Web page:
Nine suggestions for a better YouTube

 
 
By Steve Bryant  |  Posted 2007-02-20 Email Print this article Print
 
 
 
 
 
 
 

With Viacom, NBC and now the Electronic Frontier Foundation pressuring Google to make changes to YouTube, the G Poppa is shifting resources to help monetize everyone's favorite vid-sharing site.

About time. YouTube might be the 800-pound gorilla in the vid-sharing space, but it faces unwithering competition from the likes of Joost (about to partner with Viacom), MySpace (which is filtering videos for copyright), and a host of smaller sites that offer better video quality. YouTube reached critical mass by being quickest to market, but in order to keep their position the site needs to improve.

Below, nine suggestions for improving YouTube.

  1. Hire a video curator and build out some editorial functions
    Despite the fact that both Google and YouTube are technology companies and have eschewed editorial functions, YouTube's position as arbiter of the video zeitgeist puts it in a great position to editorialize. The YouTube blog is only a vestigial example of what could be, whereas the Revver, Brightcove and Super Deluxe blogs are great reads.

  2. Allow the most popular users to host video curator blogs
    Another incentive to stay with YouTube. And while it would take some more manpower to supervise, say, ten blogs, YouTube would benefit from the increased participation and traffic.

  3. Fix search
    YouTube's search quality is nowhere near as good as Google's. In fact, it's easier to find a video through a regular Google search, not to mention through Google Video. The larger problem, of course, is that Google itself isn't very good at anything but text searches, due to bad metadata. There are plenty of startups -- and estabilshed companies like AOL -- that offer better search experiences.

  4. Build real-time interactive experiences
    YouTube is a delayed zeitgeist. Fix that. I should be able to go to YouTube during any mass media event -- the Super Bowl, the Oscars -- and chat with other users, share videos, annotate vids, etc. YouTube's Streams app, currently in pre-beta at YouTube's Test Tube site, is a good start.

  5. Redesign the video player
    YouTube's player works brilliantly, but I think it could be better. I'm a fan of Metacafe's player layout, where the play button is much bigger than secondary buttons. (Although I don't like how Metacafe has both a pause and stop button -- redundant.) YouTube could also offer more functions within the player, such as embed and emailing code (like with Brightcove, SuperDeluxe, etc).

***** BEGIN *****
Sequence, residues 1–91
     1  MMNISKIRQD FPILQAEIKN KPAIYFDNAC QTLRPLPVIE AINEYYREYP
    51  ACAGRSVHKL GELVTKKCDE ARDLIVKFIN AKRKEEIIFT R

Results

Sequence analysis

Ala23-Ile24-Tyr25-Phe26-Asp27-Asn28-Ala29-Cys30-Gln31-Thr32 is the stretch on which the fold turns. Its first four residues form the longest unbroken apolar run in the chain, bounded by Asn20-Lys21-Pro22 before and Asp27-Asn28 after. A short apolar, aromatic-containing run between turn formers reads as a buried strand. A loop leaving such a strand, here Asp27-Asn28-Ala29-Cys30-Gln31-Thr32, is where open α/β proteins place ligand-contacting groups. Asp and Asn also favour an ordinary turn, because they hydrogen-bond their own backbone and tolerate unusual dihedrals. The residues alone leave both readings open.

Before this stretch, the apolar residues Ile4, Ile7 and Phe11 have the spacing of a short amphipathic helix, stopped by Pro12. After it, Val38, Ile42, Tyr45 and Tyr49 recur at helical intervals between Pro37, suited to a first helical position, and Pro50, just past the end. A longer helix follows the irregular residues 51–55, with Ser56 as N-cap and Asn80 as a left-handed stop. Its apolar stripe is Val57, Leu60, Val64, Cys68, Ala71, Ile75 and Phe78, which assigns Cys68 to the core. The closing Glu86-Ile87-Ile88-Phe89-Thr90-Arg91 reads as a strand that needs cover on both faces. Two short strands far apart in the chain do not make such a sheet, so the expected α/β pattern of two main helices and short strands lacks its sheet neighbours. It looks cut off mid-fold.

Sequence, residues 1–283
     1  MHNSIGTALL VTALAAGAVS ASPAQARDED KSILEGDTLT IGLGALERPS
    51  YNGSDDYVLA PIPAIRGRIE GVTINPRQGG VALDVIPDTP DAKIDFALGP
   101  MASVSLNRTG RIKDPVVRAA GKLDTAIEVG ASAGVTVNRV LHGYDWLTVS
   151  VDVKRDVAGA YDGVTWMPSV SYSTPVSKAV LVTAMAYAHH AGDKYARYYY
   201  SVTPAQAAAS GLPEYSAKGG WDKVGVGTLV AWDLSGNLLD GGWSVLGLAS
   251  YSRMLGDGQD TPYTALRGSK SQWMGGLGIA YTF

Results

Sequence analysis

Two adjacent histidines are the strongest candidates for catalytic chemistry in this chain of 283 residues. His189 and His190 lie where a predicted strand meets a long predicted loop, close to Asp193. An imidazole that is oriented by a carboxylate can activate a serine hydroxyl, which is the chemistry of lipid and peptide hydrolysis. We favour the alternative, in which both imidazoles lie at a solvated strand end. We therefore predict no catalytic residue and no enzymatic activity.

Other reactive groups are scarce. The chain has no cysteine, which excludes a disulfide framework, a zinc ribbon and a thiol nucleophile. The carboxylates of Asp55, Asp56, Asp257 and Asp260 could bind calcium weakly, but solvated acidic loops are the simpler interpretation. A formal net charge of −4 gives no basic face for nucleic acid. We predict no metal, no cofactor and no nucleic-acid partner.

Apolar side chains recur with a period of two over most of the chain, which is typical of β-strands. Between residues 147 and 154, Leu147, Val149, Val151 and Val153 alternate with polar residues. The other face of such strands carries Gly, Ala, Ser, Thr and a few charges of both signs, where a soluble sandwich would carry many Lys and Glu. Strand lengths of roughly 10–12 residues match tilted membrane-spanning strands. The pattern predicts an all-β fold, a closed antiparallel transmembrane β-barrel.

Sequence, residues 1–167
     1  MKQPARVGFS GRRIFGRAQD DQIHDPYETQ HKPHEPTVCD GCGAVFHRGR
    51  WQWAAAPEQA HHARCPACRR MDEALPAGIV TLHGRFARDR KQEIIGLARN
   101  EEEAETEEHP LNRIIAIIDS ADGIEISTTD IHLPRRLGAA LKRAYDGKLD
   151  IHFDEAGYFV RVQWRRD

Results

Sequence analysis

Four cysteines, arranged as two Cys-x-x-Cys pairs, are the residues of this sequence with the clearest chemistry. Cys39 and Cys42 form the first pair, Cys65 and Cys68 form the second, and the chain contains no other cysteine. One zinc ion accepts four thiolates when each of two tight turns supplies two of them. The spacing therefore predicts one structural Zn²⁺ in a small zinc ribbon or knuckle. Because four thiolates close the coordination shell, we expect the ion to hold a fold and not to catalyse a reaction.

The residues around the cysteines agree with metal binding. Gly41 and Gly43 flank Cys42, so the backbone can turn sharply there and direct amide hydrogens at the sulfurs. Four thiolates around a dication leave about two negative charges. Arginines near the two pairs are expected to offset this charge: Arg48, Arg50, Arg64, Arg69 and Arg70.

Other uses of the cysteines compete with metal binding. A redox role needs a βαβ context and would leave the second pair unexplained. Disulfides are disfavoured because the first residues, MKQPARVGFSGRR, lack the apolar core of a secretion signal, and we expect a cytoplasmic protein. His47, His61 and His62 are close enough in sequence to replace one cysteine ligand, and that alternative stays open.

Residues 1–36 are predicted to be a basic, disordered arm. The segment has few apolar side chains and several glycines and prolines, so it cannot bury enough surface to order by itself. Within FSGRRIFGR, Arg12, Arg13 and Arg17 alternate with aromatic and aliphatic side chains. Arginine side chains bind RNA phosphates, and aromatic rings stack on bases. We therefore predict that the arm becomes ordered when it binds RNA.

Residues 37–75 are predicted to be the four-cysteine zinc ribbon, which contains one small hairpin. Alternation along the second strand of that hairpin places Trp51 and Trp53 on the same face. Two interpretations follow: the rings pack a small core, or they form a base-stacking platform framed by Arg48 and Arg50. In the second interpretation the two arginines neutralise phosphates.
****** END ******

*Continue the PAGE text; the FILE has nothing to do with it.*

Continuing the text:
6. Use the screen real estate more efficiently
    Google is good at minimalism, but when it comes to YouTube (not to mention Google Video), the clean interfaces lose out to cluttered data. YouTube can take a tip from Vimeo's page layout, which pushes the less important info and buttons below the fold.

    YouTube could also make better use of the video screen. Here they can take a tip from SuperDeluxe which, when a video is paused, flashes information about the video on the screen. While that feature wouldn't be helpful on the site itself, it would be very useful on embedded clips in blogs where the viewer has less context.

  7. Give us more data about viewing habits
    YouTube has been great about providigin video upload tool and tips for making your video work better. But how about some metrics on what we watch, when we watch it and what else may be relevant to our tastes.

  8. Offer better video quality
    YouTube's current FLA compression scheme is a bandwidth compromise, and for good reason. It already costs YouTube millions of dollars per month to serve its videos. But as newer video services come online, such as Joost, YouTube is going to find itself pressured to offer higher-quality vids. And while most users won't leave due to YouTube's critical mass, competing services will eat away at the audience by offering better experiences.

    "You can try to cut costs by allowing only crappy little images. You can limit the run times or make money selling hardware," said Dirk-Willem van Gulik, Joost's chief technical architect in an interview with Wired. "But eventually the bandwidth bills will eat you alive. YouTube, iTunes, and the rest of them haven't got a chance. We just hope they take their time realizing it."

  9. Fix atrocious adjacencies
    This is a tough one, but integral to YouTube's continued success. Google needs to figure out how to stop inappropriate videos from appearing next to ads, and vice versa. This problem was a concern for Viacom during their protracted negotiations with YouTube.
I'm sure I missed some obvious ones. Please leave your ideas in the comments.

 
 
 
 
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